An experiment was conducted to determine the effect of the allelopathic compounds of Encelia Farinosa (brittle bush) on desert native annuals and non-native seed germination. The experiment was set up by putting native wild flower seeds in six Petri dishes and lettuce seeds in six different dishes. To three of each dish containing the different seeds, water was added as a control. To the three other dishes, a prepared brittle bush tea (filtered ground brittle bush leaves and water) was added. After a week’s time, the number of germinated seeds in each dish was counted. The results showed that the allelopathic compound in brittle bush did have a significant effect on both the lettuce seeds and the native wildflowers when compared to their respective controls. However, the results showed no significant difference between the two means of the native seeds with brittle bush tea and the lettuce with brittle bush tea. This led to the rejection of our hypothesis and acceptance of the null hypothesis which stated that no significant difference existed between the two means. Introduction
In the natural world, plants are in constant strain of exploitation and competition. Through the evolutionary process, plants have developed many ways to help cope with various environmental stresses. Some plants overcome environmental strain by growing taller or deeper to extract as many resources as possible. Others resort to numbers and try to overwhelm their predators and competitors by population size. However, possibly the most interesting method many plants take is the use of chemicals to kill or inhibit predatory herbivores and competing plants. Plants that resort to this method of defense are known as allelopathic and the chemicals used by these plants are called secondary metabolites.
Nowhere is the struggle for resources more vital than in the desert. The use of secondary metabolites in desert plants is believed to be one of the most common defense mechanisms in the desert community. Among these allelopathic desert plants is Encelia Farinosa or more commonly known as brittle bush (Tesky 1993). The effects of the secondary metabolites used by brittle bush have been studied by ecologists for many years. Due to limited exposure, many believe the effectiveness of desert allelopathic compounds on non-native species would be great because the evolutionary process would not favor the development of a defense against the secondary metabolites (Fritzke 2003). However, other research has shown brittle bush to be highly detrimental and effective against various desert annuals (wild flowers). It is believed that desert annuals are under double the stress due to the fact that they only survive for a very short season, not allowing evolution to favor the development of defense against the toxicity of brittle bush, and also are in fierce battle with the specialization of the brittle bush’s secondary metabolites (Kunze et al. 1994). In this experiment, a team of researchers set out to find the effectiveness of brittle bush in the detriment of seed germination of native desert annuals (wild flowers) and non-native species. It is believed that native annual seeds treated with the secondary metabolites from brittle bush will show a greater difference in seed germination than non-native seeds also treated with the secondary metabolites. We predict that the native seeds will germinate significantly less than the non-native seeds. Materials and Methods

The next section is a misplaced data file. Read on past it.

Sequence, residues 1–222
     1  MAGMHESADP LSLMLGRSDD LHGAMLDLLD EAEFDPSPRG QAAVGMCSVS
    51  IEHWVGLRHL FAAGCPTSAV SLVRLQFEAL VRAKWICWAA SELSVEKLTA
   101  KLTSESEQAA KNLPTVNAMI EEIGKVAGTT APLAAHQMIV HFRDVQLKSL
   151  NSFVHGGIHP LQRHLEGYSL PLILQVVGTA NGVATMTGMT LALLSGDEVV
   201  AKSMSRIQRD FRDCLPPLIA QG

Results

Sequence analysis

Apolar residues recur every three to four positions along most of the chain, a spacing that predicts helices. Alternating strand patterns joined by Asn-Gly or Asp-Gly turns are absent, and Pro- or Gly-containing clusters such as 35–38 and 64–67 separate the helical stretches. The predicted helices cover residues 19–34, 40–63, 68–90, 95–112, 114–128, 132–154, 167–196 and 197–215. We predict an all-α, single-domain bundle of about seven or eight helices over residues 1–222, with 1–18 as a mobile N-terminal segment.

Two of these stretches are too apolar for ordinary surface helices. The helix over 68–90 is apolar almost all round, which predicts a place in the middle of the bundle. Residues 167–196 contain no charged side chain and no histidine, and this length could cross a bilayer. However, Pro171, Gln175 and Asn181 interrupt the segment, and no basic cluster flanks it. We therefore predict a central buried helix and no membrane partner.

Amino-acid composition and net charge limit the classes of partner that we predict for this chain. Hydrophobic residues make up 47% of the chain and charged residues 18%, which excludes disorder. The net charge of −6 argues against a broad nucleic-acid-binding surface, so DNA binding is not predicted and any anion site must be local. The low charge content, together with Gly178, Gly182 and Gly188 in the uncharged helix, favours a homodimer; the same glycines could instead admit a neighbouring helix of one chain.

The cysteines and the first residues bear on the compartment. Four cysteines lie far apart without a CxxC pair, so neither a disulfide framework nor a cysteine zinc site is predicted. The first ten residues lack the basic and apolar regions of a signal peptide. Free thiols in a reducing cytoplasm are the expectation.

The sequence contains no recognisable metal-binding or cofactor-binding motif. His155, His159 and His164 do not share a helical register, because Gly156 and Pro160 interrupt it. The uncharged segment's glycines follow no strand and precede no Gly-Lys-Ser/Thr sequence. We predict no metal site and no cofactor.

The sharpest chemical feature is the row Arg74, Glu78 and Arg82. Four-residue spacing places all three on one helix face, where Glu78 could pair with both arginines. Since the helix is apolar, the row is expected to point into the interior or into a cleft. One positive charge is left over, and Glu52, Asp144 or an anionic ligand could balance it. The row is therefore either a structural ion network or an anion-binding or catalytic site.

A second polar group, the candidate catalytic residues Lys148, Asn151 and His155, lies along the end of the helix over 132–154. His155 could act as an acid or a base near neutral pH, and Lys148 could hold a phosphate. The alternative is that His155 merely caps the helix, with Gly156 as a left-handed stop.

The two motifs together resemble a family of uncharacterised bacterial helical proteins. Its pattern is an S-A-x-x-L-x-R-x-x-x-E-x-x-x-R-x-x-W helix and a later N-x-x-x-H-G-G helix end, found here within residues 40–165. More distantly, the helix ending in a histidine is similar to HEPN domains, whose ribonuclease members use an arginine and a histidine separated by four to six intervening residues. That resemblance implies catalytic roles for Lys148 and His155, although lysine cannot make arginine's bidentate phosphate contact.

To start the experiment, our team obtained several brittle bush leaves (about 30 grams worth). The leaves were then ground in a mortar for a period of two minutes. Fifteen grams of the ground leaves were weighed out then transferred into a large glass container. Once in the containers, 150ml of water was added to each of the containers. Then the water/leaf cocktail was allowed to sit for a period of twenty-four hours. After the day of soaking, the mixture was filtered through a paper towel into...